And suddenly there are bursting flames, bright bursts of brilliant amber and faintly indigo. The sun is yet to rise. Yet these great beasts, like Oriental dragons from antiquity, yawn themselves into existence and soon crane their heads towards their masters far below. Or perhaps they are ancient genies, rising high to grant the liberator of the lamp three wishes. Either way, there are hundreds of assistants, scurrying around making preparation. It is a terrific sight. But hot air ballooning is a demanding task; a fine and delicate operation. Rudely woken, unsure of wind and rain conditions, we had stumbled into the buses for a second day in a row, still unsure of whether we were even to fly. The conditions must be perfect to fly. Today they were near perfect. With a cheeky grin, our captain explained that he was, in fact, merely the neighbour of the man who normally flew the balloon. We knew it was a tall yarn, but there were still nervous glances. Returning to the captain, his bushy beard, I was positive that I had seen it before. Indeed, minus the Leonardo DiCaprio aviators, and with a little imagination, it was no less than the protagonist from my childhood copy of One Thousand Arabian Nights: Ali Baba. Or was it Sinbad the sailor? One of the two, or both in one. Either way our journey had commenced and we were off on an adventure.
Thirty-five of us squeezed into the basket, with only one mystic demagogue guiding us through the awesome canyons of Cappadocia. And here comes the sun. As we rise so too do the other balloons. Soon there are ten, twenty, fifty, no, one hundred balloons. Sinbad said so and I believe him. What is a group of hot air balloons called anyway? A flock? A cluster? Whatever we were a part of, we moved very fast. There were shouts of glee and euphoria from a lot of the girls in the basket, for it suddenly dawned on them that they were about to become one-hit-Instagram celebrities thanks to their subsequent mid-flight photo shoot. But it really is an indescribable experience: soaring above the glorious mountains without a care in the world. Occasionally one balloon would draw near with ominous intentions before choosing a different wind to take and lurking away like a chastised butterfly. And they really do have this animal quality about them. The constant breathing of the fire on your neck, apart from leaving a few scorched hairs, is very life-like. Unlike a plane, or a boat or a car or any other form of transport, you can’t fully control them. They have a mind of their own. As such, they are very inaccurate at landing at an exact geographic location unless conditions are phenomenal.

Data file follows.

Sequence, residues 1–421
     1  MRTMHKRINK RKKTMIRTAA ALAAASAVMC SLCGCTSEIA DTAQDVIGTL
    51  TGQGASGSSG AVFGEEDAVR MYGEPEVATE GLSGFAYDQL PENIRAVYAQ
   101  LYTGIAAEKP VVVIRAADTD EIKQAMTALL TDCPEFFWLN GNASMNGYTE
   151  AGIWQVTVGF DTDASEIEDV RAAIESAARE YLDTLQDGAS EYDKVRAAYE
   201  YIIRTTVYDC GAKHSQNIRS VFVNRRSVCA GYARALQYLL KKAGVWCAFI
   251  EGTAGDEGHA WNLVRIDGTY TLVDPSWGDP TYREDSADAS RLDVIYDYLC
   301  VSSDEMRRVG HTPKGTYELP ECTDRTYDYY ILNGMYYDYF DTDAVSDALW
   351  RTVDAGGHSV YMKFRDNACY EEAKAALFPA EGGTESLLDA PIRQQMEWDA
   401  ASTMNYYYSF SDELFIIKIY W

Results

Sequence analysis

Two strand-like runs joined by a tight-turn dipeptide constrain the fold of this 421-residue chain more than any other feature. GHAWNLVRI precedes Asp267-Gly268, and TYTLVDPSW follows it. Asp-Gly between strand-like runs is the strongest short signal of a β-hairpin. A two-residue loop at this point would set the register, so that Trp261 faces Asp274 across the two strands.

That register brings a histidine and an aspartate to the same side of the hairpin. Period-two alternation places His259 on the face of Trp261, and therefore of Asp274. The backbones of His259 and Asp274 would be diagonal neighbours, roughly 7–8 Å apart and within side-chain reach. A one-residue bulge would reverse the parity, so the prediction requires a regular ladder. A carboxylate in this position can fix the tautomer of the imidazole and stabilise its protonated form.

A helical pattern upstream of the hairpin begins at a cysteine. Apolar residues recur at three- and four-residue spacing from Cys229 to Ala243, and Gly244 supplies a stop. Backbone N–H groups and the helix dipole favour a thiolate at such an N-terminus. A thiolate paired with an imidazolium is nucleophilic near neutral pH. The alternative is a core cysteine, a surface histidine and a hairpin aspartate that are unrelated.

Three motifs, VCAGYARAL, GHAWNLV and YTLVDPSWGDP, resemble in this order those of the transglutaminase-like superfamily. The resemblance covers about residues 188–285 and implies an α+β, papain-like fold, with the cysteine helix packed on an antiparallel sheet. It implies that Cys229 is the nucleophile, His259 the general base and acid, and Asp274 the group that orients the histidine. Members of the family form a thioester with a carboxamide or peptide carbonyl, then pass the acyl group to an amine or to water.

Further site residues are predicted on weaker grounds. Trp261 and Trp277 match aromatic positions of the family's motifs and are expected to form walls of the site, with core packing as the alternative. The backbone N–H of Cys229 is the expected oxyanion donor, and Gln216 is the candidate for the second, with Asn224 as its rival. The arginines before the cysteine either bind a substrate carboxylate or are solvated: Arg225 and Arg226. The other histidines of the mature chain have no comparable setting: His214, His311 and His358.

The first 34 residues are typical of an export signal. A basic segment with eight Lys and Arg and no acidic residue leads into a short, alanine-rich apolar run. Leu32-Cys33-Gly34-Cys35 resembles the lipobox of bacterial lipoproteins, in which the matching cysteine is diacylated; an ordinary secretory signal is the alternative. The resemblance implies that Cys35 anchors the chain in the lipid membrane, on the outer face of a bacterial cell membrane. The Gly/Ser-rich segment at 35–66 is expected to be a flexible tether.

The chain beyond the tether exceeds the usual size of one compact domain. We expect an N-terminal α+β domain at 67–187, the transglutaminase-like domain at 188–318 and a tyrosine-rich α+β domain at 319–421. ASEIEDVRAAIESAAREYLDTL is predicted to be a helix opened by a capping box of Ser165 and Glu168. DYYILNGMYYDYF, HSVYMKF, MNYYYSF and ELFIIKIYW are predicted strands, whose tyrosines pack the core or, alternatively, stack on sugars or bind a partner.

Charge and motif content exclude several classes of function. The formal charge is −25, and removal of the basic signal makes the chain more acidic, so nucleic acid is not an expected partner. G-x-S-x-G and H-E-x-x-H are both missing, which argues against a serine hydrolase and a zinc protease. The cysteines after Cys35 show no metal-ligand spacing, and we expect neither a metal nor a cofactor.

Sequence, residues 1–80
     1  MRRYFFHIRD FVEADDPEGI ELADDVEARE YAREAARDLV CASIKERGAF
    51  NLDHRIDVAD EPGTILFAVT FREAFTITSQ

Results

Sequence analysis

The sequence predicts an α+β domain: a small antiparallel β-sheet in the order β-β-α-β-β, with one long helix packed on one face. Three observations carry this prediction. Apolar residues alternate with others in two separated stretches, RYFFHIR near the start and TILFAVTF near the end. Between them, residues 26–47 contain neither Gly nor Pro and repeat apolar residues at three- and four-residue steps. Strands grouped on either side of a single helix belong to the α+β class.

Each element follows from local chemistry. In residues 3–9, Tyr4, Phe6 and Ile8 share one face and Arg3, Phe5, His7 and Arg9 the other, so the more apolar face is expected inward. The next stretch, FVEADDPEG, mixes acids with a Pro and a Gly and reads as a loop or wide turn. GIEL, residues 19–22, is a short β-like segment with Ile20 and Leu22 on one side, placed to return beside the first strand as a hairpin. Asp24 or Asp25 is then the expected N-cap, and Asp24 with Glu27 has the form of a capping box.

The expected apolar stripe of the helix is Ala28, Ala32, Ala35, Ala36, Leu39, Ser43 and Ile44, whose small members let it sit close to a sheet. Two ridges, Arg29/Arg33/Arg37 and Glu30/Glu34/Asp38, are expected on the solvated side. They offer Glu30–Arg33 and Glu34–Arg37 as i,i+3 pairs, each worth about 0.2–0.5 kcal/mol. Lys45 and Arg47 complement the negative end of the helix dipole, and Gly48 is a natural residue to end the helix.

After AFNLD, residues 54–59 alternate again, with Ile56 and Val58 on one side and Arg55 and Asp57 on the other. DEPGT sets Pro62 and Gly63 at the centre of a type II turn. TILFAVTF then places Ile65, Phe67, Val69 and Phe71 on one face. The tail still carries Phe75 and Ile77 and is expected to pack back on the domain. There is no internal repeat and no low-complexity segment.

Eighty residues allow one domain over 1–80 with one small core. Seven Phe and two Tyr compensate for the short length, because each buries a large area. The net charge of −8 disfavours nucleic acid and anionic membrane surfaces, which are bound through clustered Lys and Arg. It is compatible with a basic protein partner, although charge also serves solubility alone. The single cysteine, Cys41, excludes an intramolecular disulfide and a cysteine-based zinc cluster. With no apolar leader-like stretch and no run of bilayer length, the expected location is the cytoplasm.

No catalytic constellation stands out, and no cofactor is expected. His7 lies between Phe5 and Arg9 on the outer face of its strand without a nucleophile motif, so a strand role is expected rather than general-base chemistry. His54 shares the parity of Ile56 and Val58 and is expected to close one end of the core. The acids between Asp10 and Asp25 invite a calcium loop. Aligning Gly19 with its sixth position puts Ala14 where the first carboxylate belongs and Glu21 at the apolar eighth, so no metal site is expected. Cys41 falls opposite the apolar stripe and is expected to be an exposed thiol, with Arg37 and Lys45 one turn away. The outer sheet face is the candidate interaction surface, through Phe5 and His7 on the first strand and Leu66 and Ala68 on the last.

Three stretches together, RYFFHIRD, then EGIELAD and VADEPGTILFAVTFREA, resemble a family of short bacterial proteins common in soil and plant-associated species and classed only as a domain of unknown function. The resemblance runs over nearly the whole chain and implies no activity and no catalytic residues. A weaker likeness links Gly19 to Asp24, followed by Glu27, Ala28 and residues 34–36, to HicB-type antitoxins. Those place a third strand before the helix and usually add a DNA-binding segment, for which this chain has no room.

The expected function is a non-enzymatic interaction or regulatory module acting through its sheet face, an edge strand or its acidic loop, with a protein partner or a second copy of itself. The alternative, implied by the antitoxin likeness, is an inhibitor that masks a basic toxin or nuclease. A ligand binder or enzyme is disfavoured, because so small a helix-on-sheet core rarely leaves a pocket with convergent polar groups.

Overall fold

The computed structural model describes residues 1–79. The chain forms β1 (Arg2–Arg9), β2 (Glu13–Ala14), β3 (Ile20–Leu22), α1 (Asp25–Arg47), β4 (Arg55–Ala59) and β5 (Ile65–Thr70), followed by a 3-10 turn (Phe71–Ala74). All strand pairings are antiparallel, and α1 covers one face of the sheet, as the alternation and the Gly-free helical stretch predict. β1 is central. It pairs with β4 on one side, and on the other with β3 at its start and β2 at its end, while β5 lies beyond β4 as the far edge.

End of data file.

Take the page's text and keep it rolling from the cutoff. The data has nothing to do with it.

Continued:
Life is like a hot air balloon ride. One minute we’re in the air, and we don’t know how we got up there and we don’t know when we’re coming down. You have little say in which direction you are going, and even less in which location you will land. Direction is a gut feeling operation. Some call it the conscience. And with the conscience we must manoeuvre our balloon across the voyage of our lives and keep from the gusts that may take us to the never never.
After forty-five minutes in the air, the wind had altered and conditions became far from phenomenal. Soon our jovial Sinbad was making nervous hesitations to his first mate. And so, down, down and down we went. Down past the streets where bus loads of tourists are haggling for rugs and carpet set at exorbitant prices. Down past the wild horses proudly saddling their traditions from the time of Xerxes. Down near the spice markets, where Turkish delight becomes a thing of fashion and the original rose flavour is the hardest to find. And with a thump and a hoarse shout of positions everyone! we were down on the ground. And suddenly, like a child after a roller coaster ride, I wanted to do it all over again. Trust me, riding a hot air balloon in Turkey is an awesome experience and well worth the $150.00 US. After all, it’s the closest thing you’ll get to a magic carpet ride. Although, if you take the advice of one merchant man, magic carpets are a real thing. All I had to do, he assured me, was to pay with American Express, and within a fortnight the carpet of my choice would fly direct to my front door…